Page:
Anyway, back to the case in question. Back in September 2007, US private equity firm Bain Capital and Chinese telecommunications gear manufacturer Huawei mounted a $2.2B bid for US firm 3Com. However, this proposed purchase met with opposition over high technology with potential security implications being forked over to the Chinese. You know, those folks who are often caught sending spies over to steal US tech secrets. The ever-so-conservative Washington Times had the following to say about the impending deal back in October of 2007:
Nouriel Roubini once made the point that, given America's free-spending and savings-free ways, it is inevitable that bigger and bigger chunks of the US will have to be sold off to fund an addiction to McMansions, SUVs, and flat screen TVs. What is galling to me is that so much of a stink is being made over a relatively small $363 million stake by the Chinese firm. Here is the punch line from the Financial Times:
Treasury's committee needs to take a careful look at this merger, because what is already known about the deal is deeply troubling. The firm in question, Huawei Technologies, has been linked to illegal high-tech exports to Saddam Hussein's regime and the supply of telecommunications equipment to Taliban-ruled Afghanistan. Huawei wants to join with 3Com, which provides the Pentagon and the Army with intrusion-detection equipment to keep hackers out. The deal follows a July computer attack on the Pentagon that U.S. intelligence officials say involved Chinese military hackers who were found breaking into (among other things) a system close to Defense Secretary Robert Gates.
Huawei, founded by a Chinese military officer in 1988, got its start building military communications networks. "Huawei is up to its eyeballs with the Chinese military," a Pentagon official told Bill Gertz of The Washington Times. A second Pentagon official said the deal is taking place at a time when the Pentagon has mounted an aggressive effort to stop computer intrusions from Chinese hackers and spies: "And now we are proposing to sell the PLA [the People's Liberation Army, as the Chinese military is called] a key to our front door. This is a very dangerous trend."
As Roubini suggests, the only way to avoid furriners buying ever larger chunks of America is to get US finances in order. With $170 billion giveaway packages to further fund the US jihad on fiscal sanity (and whose proceeds probably end up in China anyway), nobody is counting on that to happen soon. US deficits from here to Chongqing will only see to it that more and more of America is sold off. Enough with this protectionist nonsense. This is free trade, pal: if the US wants more borrowed time, it had better be prepared to give up this "national security" jive talking. The real owners of the US are in the PRC. Deal with it.
The Chinese company participating in the planned buy-out of a US telecoms equipment maker has angrily rounded on US politicians who claim the deal could endanger US national security.
Xu Zhijun, chief marketing officer at Huawei Technologies, told the Financial Times that the concerns expressed by some US lawmakers were “bullshit”.
He added there was no need to change the terms of the $2.2bn deal, under which Bain Capital, the US private equity firm, is seeking to buy 83.5 per cent of 3Com, the US network equipment maker, with Huawei taking the remaining 16.5 per cent.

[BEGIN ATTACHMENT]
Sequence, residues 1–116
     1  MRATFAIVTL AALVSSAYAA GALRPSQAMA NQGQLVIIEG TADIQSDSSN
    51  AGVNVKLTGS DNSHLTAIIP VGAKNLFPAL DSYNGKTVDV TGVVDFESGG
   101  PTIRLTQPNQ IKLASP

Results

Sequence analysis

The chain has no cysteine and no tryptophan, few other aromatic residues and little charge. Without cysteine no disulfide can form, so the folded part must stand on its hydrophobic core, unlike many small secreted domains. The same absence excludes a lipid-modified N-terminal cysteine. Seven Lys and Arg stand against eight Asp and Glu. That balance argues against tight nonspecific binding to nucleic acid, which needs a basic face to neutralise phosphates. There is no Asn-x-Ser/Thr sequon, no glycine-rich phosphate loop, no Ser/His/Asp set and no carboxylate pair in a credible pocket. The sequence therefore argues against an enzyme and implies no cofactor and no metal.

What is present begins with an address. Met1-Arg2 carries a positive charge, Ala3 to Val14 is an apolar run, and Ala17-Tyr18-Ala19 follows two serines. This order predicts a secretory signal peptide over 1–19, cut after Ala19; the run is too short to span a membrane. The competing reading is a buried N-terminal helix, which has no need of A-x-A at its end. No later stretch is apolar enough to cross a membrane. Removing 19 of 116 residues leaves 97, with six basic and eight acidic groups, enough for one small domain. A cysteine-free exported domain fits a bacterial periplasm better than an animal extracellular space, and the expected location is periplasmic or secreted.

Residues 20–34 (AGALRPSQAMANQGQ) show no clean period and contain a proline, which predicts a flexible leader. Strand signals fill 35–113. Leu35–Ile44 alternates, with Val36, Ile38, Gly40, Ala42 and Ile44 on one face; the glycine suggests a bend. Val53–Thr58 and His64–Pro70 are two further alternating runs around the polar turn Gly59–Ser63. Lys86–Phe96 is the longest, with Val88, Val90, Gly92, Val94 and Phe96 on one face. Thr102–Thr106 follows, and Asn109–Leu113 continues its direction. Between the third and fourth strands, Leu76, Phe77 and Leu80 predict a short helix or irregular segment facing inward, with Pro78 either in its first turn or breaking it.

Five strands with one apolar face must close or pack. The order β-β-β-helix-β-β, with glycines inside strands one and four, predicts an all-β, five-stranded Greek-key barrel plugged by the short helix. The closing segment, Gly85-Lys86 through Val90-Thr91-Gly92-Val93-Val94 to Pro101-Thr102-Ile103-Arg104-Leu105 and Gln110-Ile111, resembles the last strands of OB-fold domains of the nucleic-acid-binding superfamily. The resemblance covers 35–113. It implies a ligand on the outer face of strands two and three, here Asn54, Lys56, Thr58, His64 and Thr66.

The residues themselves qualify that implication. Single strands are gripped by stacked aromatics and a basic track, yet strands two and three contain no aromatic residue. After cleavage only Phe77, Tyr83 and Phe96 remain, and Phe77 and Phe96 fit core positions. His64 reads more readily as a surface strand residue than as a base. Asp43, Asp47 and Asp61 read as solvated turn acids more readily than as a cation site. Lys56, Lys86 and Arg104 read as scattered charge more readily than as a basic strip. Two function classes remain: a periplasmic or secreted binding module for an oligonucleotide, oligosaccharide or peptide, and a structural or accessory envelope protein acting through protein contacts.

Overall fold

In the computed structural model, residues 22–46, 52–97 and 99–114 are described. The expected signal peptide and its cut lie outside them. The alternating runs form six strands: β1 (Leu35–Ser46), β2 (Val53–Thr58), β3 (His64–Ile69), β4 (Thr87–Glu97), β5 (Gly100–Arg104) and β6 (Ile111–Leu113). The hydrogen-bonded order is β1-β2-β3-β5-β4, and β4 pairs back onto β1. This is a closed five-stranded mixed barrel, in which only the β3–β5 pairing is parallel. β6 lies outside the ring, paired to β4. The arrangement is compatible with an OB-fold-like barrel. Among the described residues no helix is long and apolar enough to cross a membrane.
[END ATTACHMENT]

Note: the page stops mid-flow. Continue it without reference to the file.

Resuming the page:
The deal has sparked concerns in the US because 3Com supplies intrusion prevention technology to the US defence department, designed to protect the Pentagon against cyber attack. The Pentagon believes that hackers in China conducted a massive cyber attack on its systems last year.
Thaddeus McCotter, chairman of the Republican policy committee in the House of Representatives, last month urged US authorities to deny Huawei any part in the 3Com deal, describing the existing buy-out proposal as a “stealth assault on America’s national security”.
Asked about the concerns that the deal could endanger US national security, Mr Xu said through an interpreter: “That would be bullshit.” Pressed to clarify his remarks further, Mr Xu added: “Because we only just take 16.5 per cent.”
When Asked what message he had for US lawmakers who voiced concerns about the deal, Mr Xu said Cisco, the leading US network equipment maker, supplied products to Chinese telecoms companies: “Cisco’s equipment is everywhere in China.
“If the US government is concerned about Huawei, if some of the lawmakers are concerned about Huawei, Cisco is everywhere within China. Who should be more concerned?”
The Committee on Foreign Investment in the United States, which can block sensitive inward investment, is due to complete its scrutiny of the deal before the end of the month.
Mr Xu stressed that Huawei would be a minority shareholder at 3Com, with no final decision making powers, even if it exercised an option to raise its stake to 21.5 per cent.
He also insisted the Chinese government had no influence over Huawei, adding Beijing was not a shareholder. He described Huawei as a “private enterprise” that was owned by its 20,000 employees.
The People’s Liberation Army is one of Huawei’s customers, and Mr Xu confirmed that Ren Zhengfei, Huawei’s founder and chief executive, was a former PLA officer.
Mr Xu described the rationale behind Huawei’s role in the 3Com deal as a “business investment” from which it hoped to get “investment returns”.